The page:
HT Picks: New Reads

This week’s pick of interesting reads includes a book that demystifies economic theories, an exploration of what it means to lose one’s home, and a novel about the dark power of secrets
This week’s reading list includes a book that explains a heavy subject with a light touch, and novels that deal with the trauma of losing home and with dark secrets.(HT Team)
This week’s reading list includes a book that explains a heavy subject with a light touch, and novels that deal with the trauma of losing home and with dark secrets.(HT Team)
Updated on Oct 30, 2020 04:07 PM IST
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Hindustan Times | ByHT Team


72pp, Rs 599; Westland
72pp, Rs 599; Westland

Varmull, nestled amidst the Pir Mountains and the Jhelum river, with its small town familiarity exchanged in quiet lanes, has always been home. Until violence overwhelms the streets, and there is no option but to flee. For six punishing summers in a sweltering Delhi barsati, Rahul, Doora and their young son try to push back their memories and their longing for Kashmir.
Around them, the city remains rude and alien. Their landlord calls Rahul a Muslim-Brahmin because he eats meat; his Pandit relatives want him to join a Hindu extremist group.
It isn’t long then before Rahul flees again, this time to England, where he hopes he will not have to make these choices: Pandit or Kashmiri? Professor or husband? Rational intellectual or wounded exile? Expat or refugee. As he struggles to survive his foreignness, stumbling from one accidental relationship to another, a series of bombings in London blasts Kashmir right back into his life. And he knows he must attempt the journey back home.
A devastating exploration of what it means to lose one’s home, A Bit of Everything lays bare the many ways in which the violence of a land tears apart the everyday lives of its people.*


400pp, Rs 399; HarperCollins
400pp, Rs 399; HarperCollins

Romilly lives in a ramshackle house with her eccentric artist father and her cat, Monty. She knows little about her past – but she knows that she is loved.
When her father finds fame with a series of children’s books starring her as the main character, everything changes: exotic foods appear on the table, her father appears on TV, and strangers appear at their door, convinced the books contain a treasure hunt leading to a glittering prize.
But as time passes, Romilly’s father becomes increasingly suspicious of everything around him, until, before her eyes, he begins to disappear altogether.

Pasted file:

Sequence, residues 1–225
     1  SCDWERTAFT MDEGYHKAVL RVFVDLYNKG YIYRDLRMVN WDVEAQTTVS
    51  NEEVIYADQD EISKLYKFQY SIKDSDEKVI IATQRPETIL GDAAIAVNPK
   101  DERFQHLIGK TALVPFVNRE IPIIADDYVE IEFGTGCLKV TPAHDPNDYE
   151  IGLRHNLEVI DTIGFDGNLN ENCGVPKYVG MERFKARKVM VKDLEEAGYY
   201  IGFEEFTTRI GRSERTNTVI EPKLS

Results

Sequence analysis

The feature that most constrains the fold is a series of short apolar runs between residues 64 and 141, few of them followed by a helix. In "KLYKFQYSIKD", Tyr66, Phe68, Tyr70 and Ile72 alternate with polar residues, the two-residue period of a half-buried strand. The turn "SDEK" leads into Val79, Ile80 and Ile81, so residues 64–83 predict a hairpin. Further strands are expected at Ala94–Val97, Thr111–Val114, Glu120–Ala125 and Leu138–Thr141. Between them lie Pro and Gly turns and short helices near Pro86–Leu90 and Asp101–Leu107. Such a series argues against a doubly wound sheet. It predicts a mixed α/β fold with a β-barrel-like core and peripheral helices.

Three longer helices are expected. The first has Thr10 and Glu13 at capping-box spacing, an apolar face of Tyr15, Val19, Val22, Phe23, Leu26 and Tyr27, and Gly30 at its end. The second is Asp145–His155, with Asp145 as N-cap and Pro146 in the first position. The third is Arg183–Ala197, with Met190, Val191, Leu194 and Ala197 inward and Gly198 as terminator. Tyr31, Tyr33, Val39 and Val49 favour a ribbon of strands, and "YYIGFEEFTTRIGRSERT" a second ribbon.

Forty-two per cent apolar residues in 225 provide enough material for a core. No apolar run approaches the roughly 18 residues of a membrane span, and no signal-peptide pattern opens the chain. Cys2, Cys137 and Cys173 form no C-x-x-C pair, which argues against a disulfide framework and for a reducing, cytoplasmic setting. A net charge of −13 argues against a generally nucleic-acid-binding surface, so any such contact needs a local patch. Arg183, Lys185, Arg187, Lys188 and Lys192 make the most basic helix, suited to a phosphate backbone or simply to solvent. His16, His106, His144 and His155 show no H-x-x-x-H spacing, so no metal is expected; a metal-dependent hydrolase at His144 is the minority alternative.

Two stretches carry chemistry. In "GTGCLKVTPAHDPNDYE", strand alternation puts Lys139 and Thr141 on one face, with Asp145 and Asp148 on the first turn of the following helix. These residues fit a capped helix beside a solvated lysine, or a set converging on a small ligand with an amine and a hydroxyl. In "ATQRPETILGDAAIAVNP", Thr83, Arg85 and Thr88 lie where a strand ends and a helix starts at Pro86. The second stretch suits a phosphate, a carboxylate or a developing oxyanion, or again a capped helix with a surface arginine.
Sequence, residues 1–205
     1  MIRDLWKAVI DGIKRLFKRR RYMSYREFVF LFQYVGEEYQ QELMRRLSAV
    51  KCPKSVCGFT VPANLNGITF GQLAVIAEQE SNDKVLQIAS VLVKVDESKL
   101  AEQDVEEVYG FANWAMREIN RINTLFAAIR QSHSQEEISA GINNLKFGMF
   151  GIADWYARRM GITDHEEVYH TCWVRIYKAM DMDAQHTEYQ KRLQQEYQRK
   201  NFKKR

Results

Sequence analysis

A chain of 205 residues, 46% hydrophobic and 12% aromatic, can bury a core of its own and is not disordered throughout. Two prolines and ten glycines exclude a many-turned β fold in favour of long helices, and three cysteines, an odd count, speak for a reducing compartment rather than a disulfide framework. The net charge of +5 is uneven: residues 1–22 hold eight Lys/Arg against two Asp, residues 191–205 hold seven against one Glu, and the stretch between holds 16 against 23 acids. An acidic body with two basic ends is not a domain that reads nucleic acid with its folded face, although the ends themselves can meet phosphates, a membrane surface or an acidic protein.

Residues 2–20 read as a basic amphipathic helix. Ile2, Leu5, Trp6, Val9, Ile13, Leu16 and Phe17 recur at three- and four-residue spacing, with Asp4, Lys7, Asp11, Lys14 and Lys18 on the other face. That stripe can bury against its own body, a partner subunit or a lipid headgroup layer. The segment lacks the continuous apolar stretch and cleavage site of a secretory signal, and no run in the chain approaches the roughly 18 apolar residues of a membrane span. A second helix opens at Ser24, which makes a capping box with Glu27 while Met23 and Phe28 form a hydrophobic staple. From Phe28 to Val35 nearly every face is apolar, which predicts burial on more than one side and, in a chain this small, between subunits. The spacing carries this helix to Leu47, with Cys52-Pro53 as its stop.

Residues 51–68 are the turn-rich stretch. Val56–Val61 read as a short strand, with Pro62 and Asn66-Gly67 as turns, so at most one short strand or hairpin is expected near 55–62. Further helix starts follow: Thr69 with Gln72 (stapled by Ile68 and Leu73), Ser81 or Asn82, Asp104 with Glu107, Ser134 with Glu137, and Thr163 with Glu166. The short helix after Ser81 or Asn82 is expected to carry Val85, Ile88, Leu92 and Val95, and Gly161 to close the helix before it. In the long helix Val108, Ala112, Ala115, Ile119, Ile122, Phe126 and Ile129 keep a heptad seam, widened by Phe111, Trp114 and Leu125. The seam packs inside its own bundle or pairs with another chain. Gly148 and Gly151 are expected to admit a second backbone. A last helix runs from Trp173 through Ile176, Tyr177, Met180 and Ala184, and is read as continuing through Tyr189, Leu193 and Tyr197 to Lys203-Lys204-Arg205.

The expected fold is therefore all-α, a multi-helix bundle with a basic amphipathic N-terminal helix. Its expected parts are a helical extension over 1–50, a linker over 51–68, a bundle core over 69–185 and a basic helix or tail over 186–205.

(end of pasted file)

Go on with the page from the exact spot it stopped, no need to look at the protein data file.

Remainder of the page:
In her increasingly isolated world, Romilly turns to the secrets her father has hidden in his illustrated books, realising that there is something far darker and more devastating locked within the pages…*


296pp, Rs 299; Penguin
296pp, Rs 299; Penguin

Why are all the good mangoes exported from India? Why should we pay our house help more? Why do we hesitate to reach out for that last piece of cake in a gathering? Are more choices really better? Why do many of us offer a prayer but are reluctant to wear a seat belt while driving? Are Indians hardwired to get grumpy at a peer’s success? What’s common between a box of cereal and your résumé?
Can economics answer all these questions and more? According to Dr Sudipta Sarangi, the answer is yes.
In The Economics of Small Things, Sarangi uses a range of everyday objects and common experiences like bringing about lasting societal change through Facebook and historically momentous episodes like the shutting down of telegram services in India to offer crisp, easy-to-understand lessons in economics. The book explains everything from Game Theory to the Cobra Effect without depending on graphs or equations — a modern-day miracle!
Through disarmingly simple prose, the book demystifies economic theories, offers delightful insights, and provides nuance without jargon. Each chapter will give you the tools to meaningfully engage with a subject that has long been considered alienating but is unavoidable in its relevance.*

*All text from press releases.

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Saturday, November 27, 2021